If you have diabetes, ask your regular doctor for diet and medication restrictions.
If you take a medication to thin your blood and have not already discussed this with our office, please call us at 612-871-1145.
If you take aspirin, you may continue to do so.
Other Medications: The following medications may interact with the sedation used for your procedure. If you take any of these medications please call our office at 612-871-1145: crizotinib (Xalkori), enzalutamide (Xtandi), isocarboxazid (Marplan), linezolid (Zyvox), moclobemide, phenelzine (Nardil), procarbazine (Matulane), rasagiline (Azilect), selegiline (Emsam, Eldepryl, Zelapar), tranylcypromine (Parnate), mifepristone (Korlym, Mifeprex), boceprevir (Victrelis), conivaptan (Vaprisol), efavirenz (Sustiva), ketoconazole, sodium oxybate (Xyrem), telaprevir (Incivek)
If you are or may be pregnant, please discuss the risks and benefits of this procedure with your doctor.
You must arrange for a ride for the day of your exam. If you fail to arrange transportation with a responsible adult, your procedure will need to be cancelled and rescheduled.
If you must cancel or reschedule your appointment, please call 612-871-1145 as soon as possible.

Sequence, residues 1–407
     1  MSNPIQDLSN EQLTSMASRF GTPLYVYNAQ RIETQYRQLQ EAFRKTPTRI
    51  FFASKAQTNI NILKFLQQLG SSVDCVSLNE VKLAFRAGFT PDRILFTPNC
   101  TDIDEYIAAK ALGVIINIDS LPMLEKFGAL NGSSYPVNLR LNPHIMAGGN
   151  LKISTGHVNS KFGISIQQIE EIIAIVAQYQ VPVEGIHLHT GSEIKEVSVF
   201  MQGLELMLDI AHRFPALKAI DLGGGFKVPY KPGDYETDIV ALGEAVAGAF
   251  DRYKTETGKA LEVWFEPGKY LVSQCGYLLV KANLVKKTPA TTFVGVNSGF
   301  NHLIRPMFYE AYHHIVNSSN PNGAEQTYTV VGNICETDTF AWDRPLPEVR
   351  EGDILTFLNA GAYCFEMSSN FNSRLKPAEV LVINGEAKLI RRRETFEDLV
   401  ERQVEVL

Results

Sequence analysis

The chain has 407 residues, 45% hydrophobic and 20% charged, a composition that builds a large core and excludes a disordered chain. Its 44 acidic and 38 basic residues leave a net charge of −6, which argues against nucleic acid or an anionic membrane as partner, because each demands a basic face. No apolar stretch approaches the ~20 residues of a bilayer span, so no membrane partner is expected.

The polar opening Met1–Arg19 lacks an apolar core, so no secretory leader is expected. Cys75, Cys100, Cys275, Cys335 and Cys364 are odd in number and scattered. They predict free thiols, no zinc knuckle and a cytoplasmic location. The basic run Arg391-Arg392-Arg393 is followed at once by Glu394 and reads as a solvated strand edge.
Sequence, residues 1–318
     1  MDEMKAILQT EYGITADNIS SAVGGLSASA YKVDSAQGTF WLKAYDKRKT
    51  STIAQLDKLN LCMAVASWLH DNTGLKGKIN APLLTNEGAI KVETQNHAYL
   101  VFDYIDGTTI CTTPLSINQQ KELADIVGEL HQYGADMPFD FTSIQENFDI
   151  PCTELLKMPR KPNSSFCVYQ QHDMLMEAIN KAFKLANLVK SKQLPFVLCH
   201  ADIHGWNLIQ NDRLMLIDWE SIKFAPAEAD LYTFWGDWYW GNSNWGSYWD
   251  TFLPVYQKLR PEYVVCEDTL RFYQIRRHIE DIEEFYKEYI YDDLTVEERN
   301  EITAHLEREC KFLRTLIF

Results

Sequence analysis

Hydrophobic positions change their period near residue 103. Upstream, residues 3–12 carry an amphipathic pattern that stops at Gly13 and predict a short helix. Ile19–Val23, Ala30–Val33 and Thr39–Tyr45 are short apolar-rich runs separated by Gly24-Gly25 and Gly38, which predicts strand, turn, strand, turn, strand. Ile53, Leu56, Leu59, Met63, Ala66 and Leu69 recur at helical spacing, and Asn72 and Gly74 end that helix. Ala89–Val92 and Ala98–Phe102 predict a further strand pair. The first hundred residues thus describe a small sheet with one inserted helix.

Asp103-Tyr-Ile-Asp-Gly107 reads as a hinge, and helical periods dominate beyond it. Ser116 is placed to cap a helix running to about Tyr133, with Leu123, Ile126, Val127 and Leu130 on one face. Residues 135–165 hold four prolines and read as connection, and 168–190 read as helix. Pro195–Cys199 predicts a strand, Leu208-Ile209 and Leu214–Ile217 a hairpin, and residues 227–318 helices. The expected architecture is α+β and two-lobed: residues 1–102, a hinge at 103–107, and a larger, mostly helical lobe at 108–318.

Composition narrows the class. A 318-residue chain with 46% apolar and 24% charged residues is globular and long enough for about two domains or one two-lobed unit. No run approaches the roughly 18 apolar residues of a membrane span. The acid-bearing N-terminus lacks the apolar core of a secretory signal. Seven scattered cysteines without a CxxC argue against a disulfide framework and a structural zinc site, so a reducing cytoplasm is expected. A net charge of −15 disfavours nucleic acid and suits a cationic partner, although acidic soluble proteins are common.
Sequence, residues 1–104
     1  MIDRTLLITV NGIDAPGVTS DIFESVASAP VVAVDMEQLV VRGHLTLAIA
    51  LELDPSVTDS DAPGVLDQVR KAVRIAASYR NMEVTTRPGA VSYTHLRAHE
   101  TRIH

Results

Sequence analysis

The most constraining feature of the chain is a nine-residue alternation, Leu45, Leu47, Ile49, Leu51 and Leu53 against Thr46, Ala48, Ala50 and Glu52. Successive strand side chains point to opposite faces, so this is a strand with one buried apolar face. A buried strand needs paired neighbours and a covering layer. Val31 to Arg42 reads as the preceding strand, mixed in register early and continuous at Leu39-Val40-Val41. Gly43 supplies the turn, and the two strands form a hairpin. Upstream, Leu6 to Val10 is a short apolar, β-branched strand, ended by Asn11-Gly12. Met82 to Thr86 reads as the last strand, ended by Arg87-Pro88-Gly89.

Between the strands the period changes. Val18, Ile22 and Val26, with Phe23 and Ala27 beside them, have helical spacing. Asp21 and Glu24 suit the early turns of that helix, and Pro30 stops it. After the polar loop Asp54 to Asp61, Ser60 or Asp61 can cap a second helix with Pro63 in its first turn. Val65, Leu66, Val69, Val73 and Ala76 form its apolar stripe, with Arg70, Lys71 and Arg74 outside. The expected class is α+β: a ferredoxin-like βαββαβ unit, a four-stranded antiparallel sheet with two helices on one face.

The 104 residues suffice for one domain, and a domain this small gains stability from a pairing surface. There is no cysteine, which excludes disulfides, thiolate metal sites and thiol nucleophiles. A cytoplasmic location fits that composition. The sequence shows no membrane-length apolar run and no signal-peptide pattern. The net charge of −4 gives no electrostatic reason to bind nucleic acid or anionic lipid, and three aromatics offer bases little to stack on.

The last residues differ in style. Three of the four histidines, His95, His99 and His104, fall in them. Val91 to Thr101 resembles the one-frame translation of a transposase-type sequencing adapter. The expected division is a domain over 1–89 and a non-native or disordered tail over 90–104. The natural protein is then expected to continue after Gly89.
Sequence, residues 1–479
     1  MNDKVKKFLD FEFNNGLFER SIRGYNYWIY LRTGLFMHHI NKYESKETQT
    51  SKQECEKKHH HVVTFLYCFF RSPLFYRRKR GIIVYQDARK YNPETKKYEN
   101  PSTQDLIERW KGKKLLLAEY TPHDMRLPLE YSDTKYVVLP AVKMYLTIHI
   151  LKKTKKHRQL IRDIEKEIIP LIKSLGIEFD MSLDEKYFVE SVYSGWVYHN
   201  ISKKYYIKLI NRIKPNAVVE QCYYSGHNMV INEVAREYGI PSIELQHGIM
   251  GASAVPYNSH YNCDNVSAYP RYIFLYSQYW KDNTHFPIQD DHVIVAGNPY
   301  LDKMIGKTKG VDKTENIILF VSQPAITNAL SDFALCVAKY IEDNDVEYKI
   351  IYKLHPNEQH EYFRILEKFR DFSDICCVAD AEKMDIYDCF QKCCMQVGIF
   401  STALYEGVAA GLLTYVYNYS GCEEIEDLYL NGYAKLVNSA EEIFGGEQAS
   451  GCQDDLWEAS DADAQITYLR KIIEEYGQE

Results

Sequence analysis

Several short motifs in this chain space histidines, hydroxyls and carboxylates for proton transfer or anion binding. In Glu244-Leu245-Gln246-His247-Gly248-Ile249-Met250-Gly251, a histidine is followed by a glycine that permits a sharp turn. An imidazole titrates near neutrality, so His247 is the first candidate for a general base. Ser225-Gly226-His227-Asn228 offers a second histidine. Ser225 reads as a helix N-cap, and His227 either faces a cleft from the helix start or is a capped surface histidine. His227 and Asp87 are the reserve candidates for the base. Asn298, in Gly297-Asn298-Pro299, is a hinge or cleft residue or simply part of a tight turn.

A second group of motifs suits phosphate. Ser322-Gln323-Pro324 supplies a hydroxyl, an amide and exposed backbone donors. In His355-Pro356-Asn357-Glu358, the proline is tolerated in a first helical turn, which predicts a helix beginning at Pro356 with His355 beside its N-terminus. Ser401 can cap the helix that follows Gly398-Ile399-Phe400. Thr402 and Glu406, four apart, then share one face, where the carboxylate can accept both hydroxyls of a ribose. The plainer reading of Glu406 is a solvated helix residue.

If you have an Advance Directive, please bring a copy of your Advance Directive with you to your endoscopy appointment. Advance Directives are not honored at MNGI facilities, and in the event of a life-threatening situation, life support measures will be instituted in every instance and our patient will be transported to a higher level of care facility (i.e. , hospital). In the unlikely event that you require an emergency transfer, your Advance Directive should accompany you to that facility.
To ensure a successful exam, please follow all instructions carefully. Failure to accurately and completely prepare for your exam may result in the need for an additional procedure and both procedures will be billed to your insurance.
Before your exam:
If a health history form is enclosed, please complete the form and bring with you on the day of your appointment.
Purchase the following over-the-counter supplies at your local pharmacy:
- 2 tablets bisacodyl, each containing 5 mg of bisacodyl (Dulcolax® laxative NOT Dulcolax® stool softener)
- 1-8.3 oz. bottle Polyethylene Glycol (PEG) 3350 powder (Miralax® , smoothLAX®, ClearLAX® or generic equivalent)